VSHN.timer #32: Security, Privacy, and Incident Management

Welcome to another VSHN.timer! Every Monday, 5 links related to Kubernetes, OpenShift, CI / CD, and DevOps; all stuff coming out of our own chat system, making us think, laugh, or simply work better.

In an increasingly volatile and uncertain world, it seems to us appropriate to spend some time talking about security and incident management this week.

1. Last month was full of news about web browser security. First let’s talk about Safari; Apple has decided to consider invalid all security certificates older than 13 months. This is a strong move, geared “to improve website security by making sure developers use certificates with the latest cryptographic standards.” There is a possibility that other browsers might do the same in the near future. As for Firefox, in the meantime they decided to enable DNS over HTTPS, for US users at least.

https://www.schneier.com/blog/archives/2020/02/firefox_enables.html

2. Always remember to update your browsers to the latest versions. Last week Google released a new version of Chrome with three security fixes, one of which (CVE-2020-6418) has already been exploited. In any case, Brave has been found to be the most private browser, so you might want to switch if you have any concerns.

https://www.ghacks.net/2020/02/25/study-finds-brave-to-be-the-most-private-browser/

3. Speaking about vulnerabilities, CVE-2020-0688 was published last week and describes a “Remote Code Execution on Microsoft Exchange Server Through Fixed Cryptographic Keys,” due to a bug in the installation process of Exchange, leading to non-unique keys being generated. But the problem is deeper than that; e-mail is unsafe, and cannot be made safer, not even through encryption.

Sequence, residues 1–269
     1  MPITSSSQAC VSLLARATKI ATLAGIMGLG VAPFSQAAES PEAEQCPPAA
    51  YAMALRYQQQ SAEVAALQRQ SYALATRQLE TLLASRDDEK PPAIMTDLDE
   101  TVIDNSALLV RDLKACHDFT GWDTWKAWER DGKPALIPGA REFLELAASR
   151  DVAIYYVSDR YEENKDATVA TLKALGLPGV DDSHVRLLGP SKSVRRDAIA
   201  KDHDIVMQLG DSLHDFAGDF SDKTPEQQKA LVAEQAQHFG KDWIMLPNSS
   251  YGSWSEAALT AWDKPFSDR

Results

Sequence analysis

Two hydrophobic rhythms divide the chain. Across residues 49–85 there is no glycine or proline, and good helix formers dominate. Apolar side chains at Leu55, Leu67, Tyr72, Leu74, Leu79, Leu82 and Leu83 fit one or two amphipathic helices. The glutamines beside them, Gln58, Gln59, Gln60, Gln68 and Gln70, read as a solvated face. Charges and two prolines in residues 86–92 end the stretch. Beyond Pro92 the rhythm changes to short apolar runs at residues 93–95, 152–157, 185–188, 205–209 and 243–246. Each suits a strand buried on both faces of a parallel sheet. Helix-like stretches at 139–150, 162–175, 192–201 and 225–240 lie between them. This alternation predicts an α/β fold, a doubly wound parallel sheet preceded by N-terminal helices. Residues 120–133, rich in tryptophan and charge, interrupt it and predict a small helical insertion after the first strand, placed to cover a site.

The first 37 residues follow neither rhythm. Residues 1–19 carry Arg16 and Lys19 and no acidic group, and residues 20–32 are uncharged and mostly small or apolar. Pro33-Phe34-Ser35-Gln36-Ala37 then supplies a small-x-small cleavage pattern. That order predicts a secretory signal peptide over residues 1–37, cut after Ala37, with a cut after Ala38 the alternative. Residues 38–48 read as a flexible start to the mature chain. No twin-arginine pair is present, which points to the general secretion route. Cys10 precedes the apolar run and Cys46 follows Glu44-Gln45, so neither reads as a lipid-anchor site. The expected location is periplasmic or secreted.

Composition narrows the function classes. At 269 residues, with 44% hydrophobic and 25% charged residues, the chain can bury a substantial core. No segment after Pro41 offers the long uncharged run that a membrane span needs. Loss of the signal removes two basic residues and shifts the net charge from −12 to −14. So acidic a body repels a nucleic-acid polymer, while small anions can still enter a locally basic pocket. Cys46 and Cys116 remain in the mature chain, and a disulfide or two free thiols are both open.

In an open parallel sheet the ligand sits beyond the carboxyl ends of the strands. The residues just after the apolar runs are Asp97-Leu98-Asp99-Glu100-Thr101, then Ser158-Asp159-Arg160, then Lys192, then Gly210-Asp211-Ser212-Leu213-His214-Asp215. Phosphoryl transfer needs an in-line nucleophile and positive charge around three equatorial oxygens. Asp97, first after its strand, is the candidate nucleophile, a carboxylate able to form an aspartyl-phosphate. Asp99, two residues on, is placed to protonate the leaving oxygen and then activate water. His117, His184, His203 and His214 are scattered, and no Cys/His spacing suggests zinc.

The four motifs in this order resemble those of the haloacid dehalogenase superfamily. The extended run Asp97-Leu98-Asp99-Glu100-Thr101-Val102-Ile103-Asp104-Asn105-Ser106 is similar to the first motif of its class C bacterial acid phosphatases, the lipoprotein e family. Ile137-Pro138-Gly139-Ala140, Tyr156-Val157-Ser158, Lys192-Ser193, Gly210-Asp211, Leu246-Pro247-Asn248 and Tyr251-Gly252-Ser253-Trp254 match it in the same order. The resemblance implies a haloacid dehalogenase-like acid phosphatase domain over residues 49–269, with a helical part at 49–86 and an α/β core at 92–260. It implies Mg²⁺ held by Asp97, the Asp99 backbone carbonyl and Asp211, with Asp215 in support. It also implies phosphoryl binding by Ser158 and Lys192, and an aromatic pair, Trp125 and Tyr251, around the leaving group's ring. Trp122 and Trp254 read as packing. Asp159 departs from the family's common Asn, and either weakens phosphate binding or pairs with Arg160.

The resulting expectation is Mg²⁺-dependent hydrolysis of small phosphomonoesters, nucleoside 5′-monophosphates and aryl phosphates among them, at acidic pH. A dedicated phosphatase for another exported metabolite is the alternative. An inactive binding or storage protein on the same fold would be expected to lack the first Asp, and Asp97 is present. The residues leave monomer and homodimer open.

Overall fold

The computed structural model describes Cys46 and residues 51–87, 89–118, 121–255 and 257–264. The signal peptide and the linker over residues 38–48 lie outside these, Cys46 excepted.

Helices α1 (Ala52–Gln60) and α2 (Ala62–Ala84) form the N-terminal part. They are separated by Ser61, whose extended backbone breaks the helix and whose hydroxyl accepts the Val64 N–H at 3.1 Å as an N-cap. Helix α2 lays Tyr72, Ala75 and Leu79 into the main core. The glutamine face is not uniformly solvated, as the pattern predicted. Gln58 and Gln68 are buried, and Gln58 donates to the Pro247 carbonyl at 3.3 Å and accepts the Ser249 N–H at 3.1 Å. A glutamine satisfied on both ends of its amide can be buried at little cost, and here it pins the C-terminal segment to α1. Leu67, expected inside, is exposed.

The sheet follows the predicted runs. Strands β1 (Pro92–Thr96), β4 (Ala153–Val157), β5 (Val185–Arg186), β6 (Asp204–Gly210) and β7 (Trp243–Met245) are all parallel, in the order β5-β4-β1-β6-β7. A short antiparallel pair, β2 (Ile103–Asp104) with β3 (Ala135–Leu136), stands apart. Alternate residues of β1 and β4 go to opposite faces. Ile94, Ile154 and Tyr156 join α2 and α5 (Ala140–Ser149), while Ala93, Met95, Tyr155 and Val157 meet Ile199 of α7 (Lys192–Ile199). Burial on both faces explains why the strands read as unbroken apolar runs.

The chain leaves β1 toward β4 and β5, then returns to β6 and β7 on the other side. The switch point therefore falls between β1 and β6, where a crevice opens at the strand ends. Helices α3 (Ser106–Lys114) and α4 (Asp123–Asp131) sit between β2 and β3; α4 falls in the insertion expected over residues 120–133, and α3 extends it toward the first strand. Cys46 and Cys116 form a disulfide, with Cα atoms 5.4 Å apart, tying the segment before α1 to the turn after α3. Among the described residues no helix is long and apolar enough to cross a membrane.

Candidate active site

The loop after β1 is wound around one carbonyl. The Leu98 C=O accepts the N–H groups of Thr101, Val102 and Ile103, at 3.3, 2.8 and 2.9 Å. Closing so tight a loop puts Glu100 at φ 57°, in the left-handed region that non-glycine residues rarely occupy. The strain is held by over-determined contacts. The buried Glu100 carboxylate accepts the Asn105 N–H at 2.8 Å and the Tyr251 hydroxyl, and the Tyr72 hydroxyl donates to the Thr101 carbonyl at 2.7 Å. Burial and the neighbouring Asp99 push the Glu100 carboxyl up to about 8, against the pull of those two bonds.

https://latacora.micro.blog/2020/02/19/stop-using-encrypted.html

4. One of the biggest issues in software engineering, and decidedly an endless source of security issues, is requirements volatility. Charles R. Martin wrote about this problem in the Stack Overflow blog, highlighting the role of incremental development processes to help developers manage this volatility. The article mentions a few historically relevant papers; if you are into reading them, you will enjoy the latest one by Bertrand Meyer and others, about, precisely, the anatomy of requirements.

https://stackoverflow.blog/2020/02/20/requirements-volatility-is-the-core-problem-of-software-engineering/

5. The tool of the week is Dispatch, a system created by Netflix to help them handle security incidents and streamline crisis management throughout their organization.

https://github.com/Netflix/dispatch

What tools do you use to manage security incidents? What best practices do you consistently apply in your organization? Get in touch with us through the form at the bottom of this page, and see you next week for another edition of VSHN.timer.